Eating Out, Gluten Free

    Published: 06-16-2009
    Views: 10,825
    Alice Bast explains how you can support friends, family, and coworkers with celiac disease in eating outside the home without fear of gluten exposure.

    Alice Bast: Hi! I am Alice Bast, President and C.


    O of the National Foundation for Celiac Awareness, whereas part of our mission we help the gluten-free community live life to the fullest.

    How would it feel if you had to be fearful of everything you put in your mouth, every day, every meal for the rest of your life? I'm here to talk about what it is like that celiac disease and gluten sensitivity and how you can help to create an environment that promotes safety and well-being for those on a lifelong gluten-free diet.

    Lots of people are trying a gluten-free diet for a variety of perceived health benefits. Our researchers estimate that there are nearly 21 million people in the United States that need to eat gluten-free to manage serious medical conditions, less than one crumb of a gluten containing food can make someone with celiac disease very sick. Well not everyone with celiac disease will appear sick after gluten exposure; many suffer from debilitating symptoms for hours or days after exposure. This can occur from gluten that is hidden in unlabeled ingredients or from cross contact anywhere from field to fork.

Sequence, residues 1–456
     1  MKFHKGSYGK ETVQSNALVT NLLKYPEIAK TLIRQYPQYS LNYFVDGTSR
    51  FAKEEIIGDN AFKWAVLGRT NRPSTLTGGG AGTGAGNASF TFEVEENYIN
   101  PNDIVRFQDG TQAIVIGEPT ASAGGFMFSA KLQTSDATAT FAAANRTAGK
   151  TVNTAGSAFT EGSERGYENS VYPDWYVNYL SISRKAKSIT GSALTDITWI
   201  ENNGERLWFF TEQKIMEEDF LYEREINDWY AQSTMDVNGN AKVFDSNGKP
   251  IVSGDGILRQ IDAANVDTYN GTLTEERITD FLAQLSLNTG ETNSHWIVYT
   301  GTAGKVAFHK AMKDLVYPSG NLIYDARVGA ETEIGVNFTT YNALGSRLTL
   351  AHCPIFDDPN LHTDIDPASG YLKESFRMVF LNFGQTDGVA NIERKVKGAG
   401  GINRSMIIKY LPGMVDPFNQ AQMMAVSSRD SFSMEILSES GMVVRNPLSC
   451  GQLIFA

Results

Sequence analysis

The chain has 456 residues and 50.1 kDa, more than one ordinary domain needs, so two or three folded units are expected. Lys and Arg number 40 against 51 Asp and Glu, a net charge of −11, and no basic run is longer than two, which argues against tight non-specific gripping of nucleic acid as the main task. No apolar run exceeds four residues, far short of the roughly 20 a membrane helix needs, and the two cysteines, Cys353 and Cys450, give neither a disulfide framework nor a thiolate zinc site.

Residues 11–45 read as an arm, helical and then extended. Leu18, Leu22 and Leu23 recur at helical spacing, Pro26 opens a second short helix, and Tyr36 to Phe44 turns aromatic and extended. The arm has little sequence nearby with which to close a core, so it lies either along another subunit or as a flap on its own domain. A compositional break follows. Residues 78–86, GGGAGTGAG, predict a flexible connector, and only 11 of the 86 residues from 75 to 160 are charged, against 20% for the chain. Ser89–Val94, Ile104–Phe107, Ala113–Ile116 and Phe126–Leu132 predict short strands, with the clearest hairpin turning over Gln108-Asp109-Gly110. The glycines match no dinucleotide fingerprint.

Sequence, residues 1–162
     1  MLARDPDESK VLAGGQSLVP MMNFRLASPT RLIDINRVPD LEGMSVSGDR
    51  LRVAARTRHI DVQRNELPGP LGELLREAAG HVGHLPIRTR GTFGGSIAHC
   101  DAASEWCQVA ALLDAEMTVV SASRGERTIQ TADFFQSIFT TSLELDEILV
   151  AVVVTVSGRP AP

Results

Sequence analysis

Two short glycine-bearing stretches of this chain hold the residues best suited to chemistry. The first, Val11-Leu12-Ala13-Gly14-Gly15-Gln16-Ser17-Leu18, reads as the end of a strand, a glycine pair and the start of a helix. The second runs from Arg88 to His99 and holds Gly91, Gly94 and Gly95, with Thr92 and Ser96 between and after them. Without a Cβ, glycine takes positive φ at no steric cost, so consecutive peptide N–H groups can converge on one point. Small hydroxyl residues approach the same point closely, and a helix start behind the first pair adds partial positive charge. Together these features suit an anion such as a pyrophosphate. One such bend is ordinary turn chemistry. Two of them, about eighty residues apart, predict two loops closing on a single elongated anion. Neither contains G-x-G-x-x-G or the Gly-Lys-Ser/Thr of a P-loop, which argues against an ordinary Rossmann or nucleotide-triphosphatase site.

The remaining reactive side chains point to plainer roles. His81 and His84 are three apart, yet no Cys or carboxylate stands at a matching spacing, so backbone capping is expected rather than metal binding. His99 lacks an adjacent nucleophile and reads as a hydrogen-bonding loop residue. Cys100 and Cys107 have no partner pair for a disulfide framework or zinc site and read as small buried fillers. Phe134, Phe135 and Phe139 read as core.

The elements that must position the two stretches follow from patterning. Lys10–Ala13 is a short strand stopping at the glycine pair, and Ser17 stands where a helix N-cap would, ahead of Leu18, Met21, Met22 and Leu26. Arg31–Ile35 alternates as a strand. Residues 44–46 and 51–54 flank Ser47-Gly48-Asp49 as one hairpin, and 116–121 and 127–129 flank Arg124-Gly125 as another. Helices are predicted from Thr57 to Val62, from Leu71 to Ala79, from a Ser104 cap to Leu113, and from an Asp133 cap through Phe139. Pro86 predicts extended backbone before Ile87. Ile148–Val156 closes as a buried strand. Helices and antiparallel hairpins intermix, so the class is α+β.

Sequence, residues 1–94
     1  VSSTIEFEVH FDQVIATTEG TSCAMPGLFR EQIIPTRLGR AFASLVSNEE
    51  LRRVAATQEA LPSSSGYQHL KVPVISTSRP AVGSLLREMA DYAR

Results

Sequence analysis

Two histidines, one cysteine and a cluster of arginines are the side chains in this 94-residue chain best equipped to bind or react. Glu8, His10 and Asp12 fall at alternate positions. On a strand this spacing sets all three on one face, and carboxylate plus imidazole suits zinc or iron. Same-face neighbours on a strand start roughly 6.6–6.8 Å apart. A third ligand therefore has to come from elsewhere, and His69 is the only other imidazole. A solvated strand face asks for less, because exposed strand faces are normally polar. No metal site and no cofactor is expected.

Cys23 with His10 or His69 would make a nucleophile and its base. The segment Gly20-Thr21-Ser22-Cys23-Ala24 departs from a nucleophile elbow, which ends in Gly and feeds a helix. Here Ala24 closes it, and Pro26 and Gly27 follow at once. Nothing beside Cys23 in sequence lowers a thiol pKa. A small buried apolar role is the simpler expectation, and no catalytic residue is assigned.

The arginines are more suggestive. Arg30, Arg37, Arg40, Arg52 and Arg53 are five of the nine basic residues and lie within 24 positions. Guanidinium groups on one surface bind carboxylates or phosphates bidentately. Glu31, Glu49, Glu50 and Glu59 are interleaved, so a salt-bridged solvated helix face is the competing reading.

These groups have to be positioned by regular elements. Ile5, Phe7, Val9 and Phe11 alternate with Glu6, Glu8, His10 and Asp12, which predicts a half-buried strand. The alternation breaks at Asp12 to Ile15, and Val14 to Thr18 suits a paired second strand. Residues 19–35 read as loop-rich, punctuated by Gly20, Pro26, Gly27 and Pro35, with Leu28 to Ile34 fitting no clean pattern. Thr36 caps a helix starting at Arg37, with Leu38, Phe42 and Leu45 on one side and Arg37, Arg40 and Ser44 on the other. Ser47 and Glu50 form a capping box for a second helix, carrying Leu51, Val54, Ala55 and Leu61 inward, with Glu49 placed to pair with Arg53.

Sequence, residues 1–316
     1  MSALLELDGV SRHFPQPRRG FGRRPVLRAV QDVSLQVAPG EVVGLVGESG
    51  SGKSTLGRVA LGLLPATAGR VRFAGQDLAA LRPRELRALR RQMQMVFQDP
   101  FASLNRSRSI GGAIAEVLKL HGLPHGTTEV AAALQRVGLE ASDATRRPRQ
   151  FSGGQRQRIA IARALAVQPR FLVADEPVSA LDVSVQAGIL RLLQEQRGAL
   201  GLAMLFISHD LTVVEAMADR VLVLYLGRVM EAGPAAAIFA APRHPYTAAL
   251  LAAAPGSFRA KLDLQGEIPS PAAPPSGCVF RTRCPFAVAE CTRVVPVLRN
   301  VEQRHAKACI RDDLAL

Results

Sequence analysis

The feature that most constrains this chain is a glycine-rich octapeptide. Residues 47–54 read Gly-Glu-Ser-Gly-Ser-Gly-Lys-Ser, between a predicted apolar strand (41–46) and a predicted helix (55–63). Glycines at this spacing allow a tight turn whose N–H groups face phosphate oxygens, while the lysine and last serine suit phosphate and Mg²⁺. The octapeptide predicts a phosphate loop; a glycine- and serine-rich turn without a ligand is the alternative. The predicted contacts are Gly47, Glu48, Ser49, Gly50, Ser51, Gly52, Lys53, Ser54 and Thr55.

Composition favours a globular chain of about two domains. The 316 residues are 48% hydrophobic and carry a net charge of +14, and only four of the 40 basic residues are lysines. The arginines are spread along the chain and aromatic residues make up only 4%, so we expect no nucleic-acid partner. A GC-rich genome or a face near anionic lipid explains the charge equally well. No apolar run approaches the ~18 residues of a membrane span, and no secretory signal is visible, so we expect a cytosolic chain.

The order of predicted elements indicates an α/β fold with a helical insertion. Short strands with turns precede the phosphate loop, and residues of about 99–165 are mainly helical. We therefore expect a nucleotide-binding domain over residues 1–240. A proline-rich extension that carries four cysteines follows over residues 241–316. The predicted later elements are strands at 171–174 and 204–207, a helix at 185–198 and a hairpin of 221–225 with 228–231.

Someone with celiac disease can experience intestinal damage which leads to long-term health consequences from a salad that may have once been in contact with croutons. Packaged products that are labeled gluten-free are mostly safe, but eating out requires investigation, attention to detail and trust.

    Our organization works hard to educate and empower those with celiac disease, to learn how to look for restaurants with proper training and strict protocols so they could eat without fear. Imagine if your personal health history became the topic of most dinner parties or social gatherings, here are some tips to make someone with celiac disease feel comfortable when dining out.

    Allow them to pick the restaurant, ensure they are comfortable with the choice before ordering and allow extra time for ordering, meal preparation and possibly even remaking the meal if a mistake is made. Don't minimize how they are feeling when they are looking at the menu, ordering, checking meals for hours and requesting changes.

    Expect dialogue with the waitstaff and don't make their needs become the center of attention. While people with celiac disease and gluten sensitivity are typically comfortable with others eating gluten around them. You can provide a special level of support and compassion by ordering a gluten-free dish yourself and declining to have bread place to the table.

    We all want to eat without fear, for people with celiac disease and gluten sensitivity, confidence and explaining their needs and asking questions is essential to their health and well-being, help them not feel isolated or excluded so they are not tempted to take risks. Support from friends, family and co-workers can enable those on a gluten-free diet to live life to the fullest.

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